Different reasons such as difference in mechanical and physical properties of the employed material, adhesion of semi-solid material to tool surface, very high or very low temperature of the process, turbulence of the material, and material escaping (from the weld line) can lead to create some defects in the welding zone including kissing bonds and hooking defects. In addition, some channeling defects could occur at the interface of the two materials due to the low temperature of the welding process. Macro images of the samples number 4, 5, 7, and 11 are shown in Figure 6. This figure indicates that except the sample number 7, other samples include different microstructural defects. More cavitation can be observed in the samples number 4 and 5, which the tool has penetrated from the Al side. These cavitation defects usually occurred in the areas between two metals and intermetallic phases due to the higher difference between the semi-solid temperatures and other properties of copper, aluminum, and their intermetallic compositions. More number of welding pass (samples number 4 and 5) and using the threaded tool (sample number 5) caused more defects. In higher temperatures of the welding, aluminum distributed into the copper sheet. After quenching, some cavities are formed in the interface of the different phases and materials. In fact, different shrinkage coefficients of the dissimilar materials especially at higher temperatures resulted in the formation of cavitation defects [13].

Figure 7 shows the elemental map analysis of the samples displayed in Figure 6. No obvious diffusion bonding can be observed in the raw double-layer sheet which was manufactured by the explosive welding process. Although the sample number 7 shows a very low amount of Al-Cu solution, the samples number 4, 5, and 11 exhibit a mixture of Al and Cu elements, which could lead to formation of more intermetallic phases. The presence of these brittle phases with different mechanical properties increases the microstructural defects before and during loading the joints and consequently decreases the tensile strength. Aluminum and copper were approximately completely mixed in the sample number 5, resulting in the least tensile strength. Using the threaded tool, entering from the Al side, applying two passes of welding and also higher rotational and less traversing speeds are the most possible reasons for this high amount of mixing, compared to the sample number 7.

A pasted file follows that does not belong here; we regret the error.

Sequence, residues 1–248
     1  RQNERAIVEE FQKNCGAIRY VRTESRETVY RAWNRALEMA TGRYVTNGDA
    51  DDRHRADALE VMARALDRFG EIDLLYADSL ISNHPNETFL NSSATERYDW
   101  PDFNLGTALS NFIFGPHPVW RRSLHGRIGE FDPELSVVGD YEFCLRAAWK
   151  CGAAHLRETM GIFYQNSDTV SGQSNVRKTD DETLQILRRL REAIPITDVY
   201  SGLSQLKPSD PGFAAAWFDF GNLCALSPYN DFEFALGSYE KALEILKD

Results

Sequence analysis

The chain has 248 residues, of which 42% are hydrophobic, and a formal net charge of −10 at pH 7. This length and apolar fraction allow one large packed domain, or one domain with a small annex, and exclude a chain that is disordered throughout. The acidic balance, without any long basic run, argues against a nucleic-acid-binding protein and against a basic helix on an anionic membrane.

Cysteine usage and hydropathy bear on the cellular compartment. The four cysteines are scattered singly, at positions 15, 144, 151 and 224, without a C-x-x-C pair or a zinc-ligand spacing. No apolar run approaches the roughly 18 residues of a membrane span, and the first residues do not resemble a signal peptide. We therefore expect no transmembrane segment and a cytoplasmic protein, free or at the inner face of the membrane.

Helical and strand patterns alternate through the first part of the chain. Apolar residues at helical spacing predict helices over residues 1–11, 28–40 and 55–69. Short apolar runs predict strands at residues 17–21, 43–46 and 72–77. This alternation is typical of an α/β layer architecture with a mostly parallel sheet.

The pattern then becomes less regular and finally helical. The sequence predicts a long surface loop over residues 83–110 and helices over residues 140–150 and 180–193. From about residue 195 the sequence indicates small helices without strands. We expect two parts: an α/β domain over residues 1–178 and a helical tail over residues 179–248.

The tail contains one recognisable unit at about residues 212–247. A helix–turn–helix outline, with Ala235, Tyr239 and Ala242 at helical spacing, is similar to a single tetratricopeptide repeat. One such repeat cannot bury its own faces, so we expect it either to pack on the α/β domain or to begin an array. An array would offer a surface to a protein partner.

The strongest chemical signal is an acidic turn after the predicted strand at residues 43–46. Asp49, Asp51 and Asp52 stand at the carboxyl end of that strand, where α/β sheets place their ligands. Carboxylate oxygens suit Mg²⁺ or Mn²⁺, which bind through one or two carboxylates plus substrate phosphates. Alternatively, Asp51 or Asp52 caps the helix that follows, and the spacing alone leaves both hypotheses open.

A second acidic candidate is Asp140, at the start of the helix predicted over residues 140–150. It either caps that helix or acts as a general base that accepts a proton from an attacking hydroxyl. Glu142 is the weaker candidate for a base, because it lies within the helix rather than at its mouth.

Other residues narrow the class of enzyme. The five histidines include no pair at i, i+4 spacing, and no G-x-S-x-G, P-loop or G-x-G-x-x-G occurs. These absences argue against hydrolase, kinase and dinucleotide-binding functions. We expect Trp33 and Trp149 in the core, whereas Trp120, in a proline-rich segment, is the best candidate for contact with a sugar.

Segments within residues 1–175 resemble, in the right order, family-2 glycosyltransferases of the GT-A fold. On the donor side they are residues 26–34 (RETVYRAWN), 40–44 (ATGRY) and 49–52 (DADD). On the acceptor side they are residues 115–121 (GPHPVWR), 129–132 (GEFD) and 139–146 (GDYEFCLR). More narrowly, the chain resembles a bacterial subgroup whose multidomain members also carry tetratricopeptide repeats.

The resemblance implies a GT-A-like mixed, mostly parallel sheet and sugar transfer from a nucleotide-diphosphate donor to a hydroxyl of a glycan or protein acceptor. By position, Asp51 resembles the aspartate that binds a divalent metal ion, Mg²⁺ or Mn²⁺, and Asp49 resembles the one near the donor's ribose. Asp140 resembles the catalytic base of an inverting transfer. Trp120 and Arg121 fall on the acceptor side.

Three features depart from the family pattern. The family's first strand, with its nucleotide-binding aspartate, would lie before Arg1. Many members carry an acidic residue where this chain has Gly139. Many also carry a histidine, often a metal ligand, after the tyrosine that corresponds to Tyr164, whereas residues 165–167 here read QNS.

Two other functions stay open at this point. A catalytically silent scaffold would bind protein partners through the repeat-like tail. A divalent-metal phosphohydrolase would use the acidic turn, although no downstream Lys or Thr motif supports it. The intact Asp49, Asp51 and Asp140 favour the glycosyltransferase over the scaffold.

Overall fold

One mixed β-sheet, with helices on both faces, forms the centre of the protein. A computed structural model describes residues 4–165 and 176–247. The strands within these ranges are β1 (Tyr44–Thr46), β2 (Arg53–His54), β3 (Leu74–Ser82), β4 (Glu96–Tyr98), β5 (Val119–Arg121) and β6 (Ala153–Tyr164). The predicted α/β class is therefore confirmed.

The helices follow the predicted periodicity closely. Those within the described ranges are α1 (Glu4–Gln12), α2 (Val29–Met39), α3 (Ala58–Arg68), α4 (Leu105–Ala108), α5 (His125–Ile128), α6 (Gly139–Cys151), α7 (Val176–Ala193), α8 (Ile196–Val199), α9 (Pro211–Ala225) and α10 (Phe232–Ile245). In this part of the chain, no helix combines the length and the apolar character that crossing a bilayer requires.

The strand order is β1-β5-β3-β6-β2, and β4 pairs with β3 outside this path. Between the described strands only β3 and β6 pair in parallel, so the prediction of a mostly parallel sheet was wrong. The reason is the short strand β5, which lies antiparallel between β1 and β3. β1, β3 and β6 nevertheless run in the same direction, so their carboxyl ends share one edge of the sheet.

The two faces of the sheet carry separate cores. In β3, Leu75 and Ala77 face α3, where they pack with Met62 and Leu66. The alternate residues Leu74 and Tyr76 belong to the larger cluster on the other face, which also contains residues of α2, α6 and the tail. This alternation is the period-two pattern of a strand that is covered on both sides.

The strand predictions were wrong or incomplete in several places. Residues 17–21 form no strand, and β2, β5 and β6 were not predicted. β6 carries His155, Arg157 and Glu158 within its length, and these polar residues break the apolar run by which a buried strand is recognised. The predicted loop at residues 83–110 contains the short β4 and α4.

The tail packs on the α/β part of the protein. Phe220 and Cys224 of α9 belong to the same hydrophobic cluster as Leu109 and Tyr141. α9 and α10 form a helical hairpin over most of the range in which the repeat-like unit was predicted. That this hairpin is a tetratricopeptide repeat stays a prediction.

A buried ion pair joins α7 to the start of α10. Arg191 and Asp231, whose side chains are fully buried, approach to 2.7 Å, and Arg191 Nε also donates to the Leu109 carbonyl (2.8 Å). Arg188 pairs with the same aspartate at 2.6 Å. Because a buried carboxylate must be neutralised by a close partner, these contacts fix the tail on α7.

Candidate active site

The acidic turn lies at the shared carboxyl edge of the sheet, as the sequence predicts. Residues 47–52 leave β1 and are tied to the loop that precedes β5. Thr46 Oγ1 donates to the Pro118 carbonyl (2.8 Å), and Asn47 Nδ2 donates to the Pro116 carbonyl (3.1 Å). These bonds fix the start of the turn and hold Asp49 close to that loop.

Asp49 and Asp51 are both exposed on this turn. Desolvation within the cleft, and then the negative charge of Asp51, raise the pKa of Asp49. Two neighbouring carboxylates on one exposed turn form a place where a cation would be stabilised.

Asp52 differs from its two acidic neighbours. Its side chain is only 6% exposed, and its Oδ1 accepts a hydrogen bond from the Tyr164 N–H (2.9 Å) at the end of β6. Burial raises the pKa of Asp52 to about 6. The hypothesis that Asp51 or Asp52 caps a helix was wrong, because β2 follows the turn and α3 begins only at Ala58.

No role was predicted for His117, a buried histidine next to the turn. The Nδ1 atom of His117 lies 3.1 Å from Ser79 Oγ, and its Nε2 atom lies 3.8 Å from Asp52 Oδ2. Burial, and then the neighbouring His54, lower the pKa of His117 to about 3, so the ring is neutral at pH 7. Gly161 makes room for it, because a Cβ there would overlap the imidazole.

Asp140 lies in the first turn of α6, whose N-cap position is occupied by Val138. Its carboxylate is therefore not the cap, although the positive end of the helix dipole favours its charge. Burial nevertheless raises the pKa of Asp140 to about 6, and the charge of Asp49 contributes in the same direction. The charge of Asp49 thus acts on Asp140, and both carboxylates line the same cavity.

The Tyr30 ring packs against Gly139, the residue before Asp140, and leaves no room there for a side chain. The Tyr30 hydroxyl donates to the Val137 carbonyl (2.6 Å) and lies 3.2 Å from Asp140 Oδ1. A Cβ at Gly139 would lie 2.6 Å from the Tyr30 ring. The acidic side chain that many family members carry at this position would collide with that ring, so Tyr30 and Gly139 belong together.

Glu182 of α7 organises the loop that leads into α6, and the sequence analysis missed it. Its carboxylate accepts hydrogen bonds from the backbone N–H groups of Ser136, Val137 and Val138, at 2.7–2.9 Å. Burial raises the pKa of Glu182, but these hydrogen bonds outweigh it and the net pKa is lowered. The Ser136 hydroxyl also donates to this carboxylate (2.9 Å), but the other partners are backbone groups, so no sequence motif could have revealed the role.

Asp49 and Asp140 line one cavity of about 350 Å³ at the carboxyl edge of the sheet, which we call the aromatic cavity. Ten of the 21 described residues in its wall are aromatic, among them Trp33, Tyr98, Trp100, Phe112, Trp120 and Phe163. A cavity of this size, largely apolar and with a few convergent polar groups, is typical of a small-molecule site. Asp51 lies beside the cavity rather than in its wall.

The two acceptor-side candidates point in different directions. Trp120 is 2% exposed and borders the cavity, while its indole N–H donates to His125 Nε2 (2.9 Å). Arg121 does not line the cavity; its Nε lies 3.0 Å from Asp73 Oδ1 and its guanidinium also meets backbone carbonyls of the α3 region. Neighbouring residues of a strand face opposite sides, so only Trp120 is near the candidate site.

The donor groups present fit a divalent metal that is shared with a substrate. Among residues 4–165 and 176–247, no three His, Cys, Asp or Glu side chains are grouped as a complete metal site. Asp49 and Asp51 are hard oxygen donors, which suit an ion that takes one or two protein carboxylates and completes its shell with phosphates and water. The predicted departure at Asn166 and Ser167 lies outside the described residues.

Line scan analysis of the raw double-layer sheet, sample number 5, and sample number 7 are illustrated in Figure 8. Similar to Figure 7, a high amount of mixture can be observed in sample number 5, showing the presence of different intermetallic phases.

Regarding the literature, AlCu, Al2Cu, and Al4Cu9 usually can be found in the Al-Cu FSW joint [2426]. Different intermetallic regions of the sample number 5 and EDS analysis of them are shown in Figure 9. According to the atomic percentages of the elements in these regions, it could be concluded that the dominate phases in the regions A, B, C, D, and E are Al4Cu9, AlCu, Al2Cu, Cu, and Al, respectively.

In Figure 10, the EDS analysis of the sample number 7 is illustrated for its different intermetallic regions. Atomic percentages of the elements in these regions shows that the presence of intermetallic phases of Al2Cu and Al4Cu9 is more possible in the zones A and B. Moreover, Cu and Al are dominant in regions C and D, respectively.

thumbnail Fig. 6

Macro images of the samples welded by (a) the cylindrical tool in two passes from the Al side with rotational and traversing speeds of 800 rpm and 12 mm.min−1 (sample number 4), (b) the thread tool in two passes from the Al side with rotational and traversing speeds of 800 rpm and 12 mm.min−1 (sample number 5), (c) the conical tool in one pass from the Cu side with rotational and traversing speeds of 800 rpm and 12 mm.min−1 (sample number 7), (d) the conical tool in one pass from the Cu side with rotational and traversing speeds of 1250 rpm and 6 mm.min−1 (sample number 11).

thumbnail Fig. 7

Elemental map analysis of the samples welded by (a) explosive welding (the raw double-layer sheet), (b) the cylindrical tool in two passes from the Al side with rotational and traversing speeds of 800 rpm and 12 mm min‑1 (sample number 4), (c) the thread tool in two passes from the Al side with rotational and traversing speeds of 800 rpm and 12 mm min‑1 (sample number 5), (d) the conical tool in one pass from the Cu side with rotational and traversing speeds of 800 rpm and 12 mm min‑1 (sample number 7), (e) the conical tool in one pass from the Cu side with rotational and traversing speeds of 1250 rpm and 6 mm min−1 (sample number 11).

thumbnail Fig. 8

Line scan analysis of the samples welded by (a) explosive welding (the raw double-layer sheet), (b) the thread tool in two passes from the Al side with rotational and traversing speeds of 800 rpm and 12 mm min−1 (sample number 5), and (c) the conical tool in one pass from the Cu side with rotational and traversing speeds of 800 rpm and 12 mm min‑1 (sample number 7).

thumbnail Fig. 9

Different intermetallic regions and EDS analysis of the sample welded by the thread tool in two passes from the Al side with rotational and traversing speeds of 800 rpm and 12 mm min−1 (sample number 5).

thumbnail Fig. 10

Different intermetallic regions and EDS analysis of the sample welded by the conical tool in one pass from the Cu side with rotational and traversing speeds of 800 rpm and 12 mm.min‑1 (sample number 7).

4 Conclusion

The effects of friction stir welding parameters were investigated on the tensile strength of the welded double-layer sheets (produced by EXW method). Different welds by various parameters were carried out on the double-layer samples. Then, the uniaxial tensile behavior, microhardness, and microstructure of the samples were studied. The achievements of this research could be concluded as follows: